Likud: Obama's AIPAC speech shows he listened to Netanyahu
The prime minister's party praises Netanyahu for taking a stand against Obama's Mideast policy speech calling for return to '67 borders; Palestinians express mixed reaction to Obama speech.
Members of Benjamin Netanyahu's ruling Likud Party last night expressed satisfaction with Barack Obama's speech and said that the president's remarks were prompted by the forceful stand taken by the prime minister.
"The wisdom and determination of the prime minister and the dividends that they yielded were evident in President Obama's speech," said MK Carmel Shama-Hacohen. "President Obama gave an explicit, emphatic 'no' to the '67 lines and Hamas [while expressing] boundless support for the State of Israel as a Jewish and a democratic state whose security is ensured."
Likud MK Danny Danon said that "Obama must understand that Israel will not pay the price for his tuition as he gets caught up to speed on the essence of the conflict. Obama is zigzagging in accordance with whatever position will give him more votes while justifying his Nobel Prize. We must stand strong in order to ensure that this will not be on account of the state of Israel."
Labor MK Isaac Herzog said that Obama gave Netanyahu "a golden platform." "We cannot miss this opportunity," he said. "[Netanyahu] must give a courageous, affirmative answer and adopt Obama's proposal. This would serve the interests of Israel and of Zionism."
Opposition leader MK Tzipi Livni (Kadima ) said Obama's speech represented longstanding American policy. "When there is a will, then it is possible to enlist the United States to your side in the understanding that there is a joint interest at play," she said.
The Palestinian reaction to Obama's speech was mixed.
Chief Palestinian negotiator Saeb Erekat refused to address the government's reconciliation with Hamas or Obama's opposition to Palestinian efforts at the United Nations.
"I want to hear from Mr. Netanyahu," he said, calling for the Israeli leader to hold peace talks according to Obama's principles. "Before he says yes, it's a waste of time to talk about a peace process."
Hamas said it wouldn't recognize the "Israeli occupation" and that it, too, rejected Obama's reference to the 1967 borders. "It is a mistake to consider the U.S. as an honest sponsor for the so-called peace process," spokesman Sami Abu Zuhri said.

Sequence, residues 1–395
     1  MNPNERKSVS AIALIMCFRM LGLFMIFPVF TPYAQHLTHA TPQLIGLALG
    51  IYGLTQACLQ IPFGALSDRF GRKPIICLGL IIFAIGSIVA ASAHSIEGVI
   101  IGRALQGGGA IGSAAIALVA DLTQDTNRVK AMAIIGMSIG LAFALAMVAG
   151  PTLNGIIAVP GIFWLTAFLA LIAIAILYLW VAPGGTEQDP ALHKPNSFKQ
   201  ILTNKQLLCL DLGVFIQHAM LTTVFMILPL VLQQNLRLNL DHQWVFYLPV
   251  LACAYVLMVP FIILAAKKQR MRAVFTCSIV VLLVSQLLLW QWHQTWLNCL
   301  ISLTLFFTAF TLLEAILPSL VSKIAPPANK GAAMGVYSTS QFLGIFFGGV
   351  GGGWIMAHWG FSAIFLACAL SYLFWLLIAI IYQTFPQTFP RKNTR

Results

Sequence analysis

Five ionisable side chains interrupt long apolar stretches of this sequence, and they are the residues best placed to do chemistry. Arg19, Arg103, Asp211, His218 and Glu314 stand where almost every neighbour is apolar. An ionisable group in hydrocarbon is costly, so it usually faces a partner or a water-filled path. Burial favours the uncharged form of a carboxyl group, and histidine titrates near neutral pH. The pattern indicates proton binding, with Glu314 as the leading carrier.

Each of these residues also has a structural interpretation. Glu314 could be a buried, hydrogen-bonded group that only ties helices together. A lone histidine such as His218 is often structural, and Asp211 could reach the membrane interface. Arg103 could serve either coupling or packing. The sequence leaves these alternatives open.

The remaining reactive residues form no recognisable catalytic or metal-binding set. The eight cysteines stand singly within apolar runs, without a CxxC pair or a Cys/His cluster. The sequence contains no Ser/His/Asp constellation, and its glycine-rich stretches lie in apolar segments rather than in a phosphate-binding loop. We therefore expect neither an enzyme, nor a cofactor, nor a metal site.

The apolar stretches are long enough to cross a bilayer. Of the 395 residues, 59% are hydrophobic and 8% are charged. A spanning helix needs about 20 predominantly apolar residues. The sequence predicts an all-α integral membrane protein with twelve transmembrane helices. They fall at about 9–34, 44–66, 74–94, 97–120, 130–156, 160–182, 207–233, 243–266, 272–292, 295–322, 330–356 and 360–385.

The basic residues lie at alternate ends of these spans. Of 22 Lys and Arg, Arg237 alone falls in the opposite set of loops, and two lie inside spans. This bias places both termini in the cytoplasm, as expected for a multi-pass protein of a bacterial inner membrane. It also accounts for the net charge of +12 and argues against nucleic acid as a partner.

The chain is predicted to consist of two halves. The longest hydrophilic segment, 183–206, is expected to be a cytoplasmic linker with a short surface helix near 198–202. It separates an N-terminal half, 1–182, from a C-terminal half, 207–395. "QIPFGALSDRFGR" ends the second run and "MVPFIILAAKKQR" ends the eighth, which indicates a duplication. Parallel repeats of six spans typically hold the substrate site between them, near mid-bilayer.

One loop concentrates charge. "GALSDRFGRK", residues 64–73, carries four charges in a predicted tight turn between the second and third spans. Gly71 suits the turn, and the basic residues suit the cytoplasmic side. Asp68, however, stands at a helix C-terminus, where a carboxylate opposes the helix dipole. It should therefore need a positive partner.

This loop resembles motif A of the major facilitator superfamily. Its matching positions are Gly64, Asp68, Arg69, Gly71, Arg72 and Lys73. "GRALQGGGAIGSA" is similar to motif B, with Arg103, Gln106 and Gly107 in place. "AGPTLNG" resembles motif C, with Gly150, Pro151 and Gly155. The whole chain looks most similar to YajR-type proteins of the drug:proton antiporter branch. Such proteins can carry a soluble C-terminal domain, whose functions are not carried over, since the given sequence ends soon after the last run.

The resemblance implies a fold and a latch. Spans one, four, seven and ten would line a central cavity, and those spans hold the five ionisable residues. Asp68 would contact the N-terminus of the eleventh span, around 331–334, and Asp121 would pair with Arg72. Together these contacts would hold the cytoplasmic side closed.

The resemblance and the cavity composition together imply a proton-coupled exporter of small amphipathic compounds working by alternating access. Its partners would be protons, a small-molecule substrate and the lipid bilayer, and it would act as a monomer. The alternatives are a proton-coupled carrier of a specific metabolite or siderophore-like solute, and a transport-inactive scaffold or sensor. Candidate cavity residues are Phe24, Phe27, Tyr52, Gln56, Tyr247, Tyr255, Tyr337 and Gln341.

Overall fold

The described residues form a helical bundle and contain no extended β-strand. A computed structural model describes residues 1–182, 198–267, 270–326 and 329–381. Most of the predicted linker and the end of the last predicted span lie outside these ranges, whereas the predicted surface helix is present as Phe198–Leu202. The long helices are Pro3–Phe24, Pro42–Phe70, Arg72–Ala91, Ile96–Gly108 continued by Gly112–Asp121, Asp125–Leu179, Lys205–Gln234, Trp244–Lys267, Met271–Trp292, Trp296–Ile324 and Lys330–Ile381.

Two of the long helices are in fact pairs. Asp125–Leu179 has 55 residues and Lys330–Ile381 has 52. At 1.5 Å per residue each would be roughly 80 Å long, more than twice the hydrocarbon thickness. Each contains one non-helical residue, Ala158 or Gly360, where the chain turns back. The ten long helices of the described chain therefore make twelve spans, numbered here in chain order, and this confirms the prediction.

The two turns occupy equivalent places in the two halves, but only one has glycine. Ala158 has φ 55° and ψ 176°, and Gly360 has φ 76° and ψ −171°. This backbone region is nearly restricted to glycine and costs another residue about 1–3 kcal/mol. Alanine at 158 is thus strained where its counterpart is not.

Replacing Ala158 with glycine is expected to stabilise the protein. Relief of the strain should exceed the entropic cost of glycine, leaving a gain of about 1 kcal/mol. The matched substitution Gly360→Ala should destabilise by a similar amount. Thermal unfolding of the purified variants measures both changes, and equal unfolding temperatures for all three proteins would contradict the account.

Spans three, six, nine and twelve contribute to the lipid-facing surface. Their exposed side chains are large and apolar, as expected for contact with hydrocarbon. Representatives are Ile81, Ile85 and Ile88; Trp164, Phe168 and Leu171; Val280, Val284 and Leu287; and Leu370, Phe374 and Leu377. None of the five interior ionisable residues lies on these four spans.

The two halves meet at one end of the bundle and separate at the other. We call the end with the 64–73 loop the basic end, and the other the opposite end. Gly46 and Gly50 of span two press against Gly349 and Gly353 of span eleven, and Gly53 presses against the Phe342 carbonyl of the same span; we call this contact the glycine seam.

Palestinian President Mahmoud Abbas was in Amman as Obama was making his remarks, and Abbas' aides in Ramallah remained tight-lipped.
In its coverage of Obama's speech, the Palestinian news agency WAFA emphasized the president's support of a Palestinian state along the 1967 lines.
A senior Palestinian official told Haaretz yesterday that despite Abbas' dissatisfaction with the speech, the Palestinian leader has opted not to publicly confront Obama. The official added that the Palestinian leadership is coordinating its response to the speech with Arab foreign ministers.
It has also been learned that the Arab League will convene in the coming days to offer an official response to Obama's remarks.
Prominent media commentators decried the speech as an attempt by the administration to kowtow to Israel and Netanyahu.
"In this speech, Obama comes across worse than his predecessor," said Nasser Laham of the Maan news agency. "It appears that he is thinking about the Jewish vote in the United States and not about a Palestinian state."
Leading U.S. Republicans seized on Obama's remarks, insisting that he was imperiling Israel's security.
"This is the very worst time to be pushing Israel into making a deal," Senate Minority Leader Mitch McConnell of Kentucky told Fox News Sunday, citing the uncertainty in neighboring Egypt and Syria.